Thursday, December 29, 2005

"We can't solve problems by using the same kind of thinking we used when we created them." -Albert Einstein

9 Comments:

Anonymous Anonymous said...

My favorite quote is by Dr. Linda-Darling Hammond...

"Bureaucratoc solutions to problems of practice will always fail because effective teaching is not routine, students are not passive, and questions of practice are not simple, predictable, or standardized. Consequently, instuctional decisions cannot be formulated on high, then packaged and handed down to teachers."

Educators like Dennis Sparks and Michael Fullan also conclude that unless teachers are part of the collaborative process, the problems will still exist.

4:08 PM  
Anonymous M said...

"In theory, there is no difference between theory and practice; In practice, there is."

Chuck Reid

I don't know who Chuck Reid is, but I love the quote. I'd like to send it to everyone of my Ed School professors...

4:32 PM  
Anonymous Chris Lehmann said...

"If we teach today's students as we taught yesterday's, we rob them of tomorrow."
-- John Dewey

8:04 PM  
Blogger NYC Educator said...

Great quote! Timely also.

9:03 PM  
Anonymous Anonymous said...

Okay, but remember that Darling-Hammond seems to have made it her mission to discredit Teach for America, a program that selects people based largely on their ability to fight through buereaucratic nonsense and other obstacles. Not that TFA is without its problems, of course, but still, a little ironic.

2:13 AM  
Anonymous Anonymous said...

My quote from Darling-Hammond is aimed at NYC's DOE. I have nothing against TFA nor did I know of her study against TFA.

NYC has a program called "Teaching Fellows" that takes people from other occupations. They are also placed in low-performing schools throughout NYC. Some have stayed and some have not. But the problem is not the Fellow, but the lack of support for the Fellow by the school administration.

I looked up the study on the TFA website after your comment and learned that the study was on 1st year's teachers. I too was surprised by that since it is hard for any first year teacher regardless of their training.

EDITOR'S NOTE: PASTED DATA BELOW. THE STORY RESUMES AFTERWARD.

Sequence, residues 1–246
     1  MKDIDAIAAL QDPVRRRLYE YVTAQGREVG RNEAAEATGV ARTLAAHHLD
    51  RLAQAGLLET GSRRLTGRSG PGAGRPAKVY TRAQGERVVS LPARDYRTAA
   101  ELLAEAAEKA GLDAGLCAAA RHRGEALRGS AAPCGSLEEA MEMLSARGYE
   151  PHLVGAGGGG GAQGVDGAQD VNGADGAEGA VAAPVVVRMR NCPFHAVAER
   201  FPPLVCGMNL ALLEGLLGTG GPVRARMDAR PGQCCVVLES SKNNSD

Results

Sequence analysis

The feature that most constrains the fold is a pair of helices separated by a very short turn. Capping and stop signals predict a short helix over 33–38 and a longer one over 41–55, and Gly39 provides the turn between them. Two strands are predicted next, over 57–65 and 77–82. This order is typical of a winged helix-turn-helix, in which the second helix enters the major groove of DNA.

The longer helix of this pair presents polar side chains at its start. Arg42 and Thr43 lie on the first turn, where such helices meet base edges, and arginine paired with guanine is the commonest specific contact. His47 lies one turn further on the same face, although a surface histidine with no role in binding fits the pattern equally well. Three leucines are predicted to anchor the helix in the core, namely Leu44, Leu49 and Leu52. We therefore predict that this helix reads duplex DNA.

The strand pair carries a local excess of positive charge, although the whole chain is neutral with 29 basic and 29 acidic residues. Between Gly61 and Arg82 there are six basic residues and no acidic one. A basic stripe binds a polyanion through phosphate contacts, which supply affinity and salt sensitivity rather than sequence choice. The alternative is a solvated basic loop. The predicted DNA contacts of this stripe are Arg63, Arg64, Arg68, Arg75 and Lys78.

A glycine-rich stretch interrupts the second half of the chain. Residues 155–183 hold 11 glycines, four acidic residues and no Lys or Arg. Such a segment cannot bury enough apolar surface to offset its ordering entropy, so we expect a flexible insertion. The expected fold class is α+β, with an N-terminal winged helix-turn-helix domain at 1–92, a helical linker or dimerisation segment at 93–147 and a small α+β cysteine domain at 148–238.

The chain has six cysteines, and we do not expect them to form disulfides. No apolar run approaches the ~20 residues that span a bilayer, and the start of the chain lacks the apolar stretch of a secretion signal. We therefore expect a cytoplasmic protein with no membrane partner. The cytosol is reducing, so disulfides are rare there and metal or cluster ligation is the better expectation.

However, Darling-Hammond has written and studied professional staff development in the school system. In areas where she has consulted, the teachers, not administrators, focused on what development was needed in order to raise student achievement. Those are the studies I am referring too. I have sat through too many extended Mondays that had nothing to do with the needs of the teachers or students because the principal refused to follow The Professional Development Committee protocol.

If Darling-Hammond wants proof of TFA's success, she just has to read Ms. Frizzle's blog.

9:11 AM  
Blogger Fred said...

Great quote. Unfortunately, there are some teachers using the same teaching methods they used twenty years ago. That doesn't cut it.

10:10 AM  
Anonymous Anonymous said...

Another favorite quote is:

"It is better to teach deep than teach wide." (I believe this is the Japanese philosophy.)

I personally have been open to all kinds of methodologies that have come along. Some I like, some I don't and most I had to modify.

However, when a new program does come along, teachers need training rather than the "turnkey of the day" to take the place of real staff development. Teacher complaints with Lucy Caulkin's Reading and Writing Workshop is due to the lack of proper training. A few workshops is not the same as actually spending time at the Summer Institute each year and having the opportunity to observe other teachers using the process (and picking their brains). Reading books on the subject help, but is no substitute. (Of course principals using time clocks during mini-lessons would be a major turn off.)

There are teachers I know who swear by Open Court while others have reading programs that work for them. I did not like Open Court, but I can see why the Pre-K and K teachers do.

Our new math program isn't for all students, and I am always looking for ways to modify the lessons while the newer teachers just follow the script.

In many schools, teachers are not allowed to modify. Lessons are scripted and a Flow of the Day must be followed to the nearest second. Even the new E-Clas makes it impossible to teach to the needs of the students because it takes so long to administer (and that's done twice a year).

Children do not come in "one size fits all" categories and neither should a mandated curriculum.

Maybe if we could just teach instead of "teach to the test", children will benefit. Unfortunately with testing now in January and early March instead of April and May, the pressure is on to complete a year's work in a few months.

So much for "deep", go "wide".

12:11 PM  
Blogger mewmewmew said...

Oh yeah, you can't substitute margarine for this one. Milk seems to work all right, though, but don't use skim. My mom has the footprint cookie cutter, too! She has several dozen cookie cutters, for every season and holiday you can imagine...



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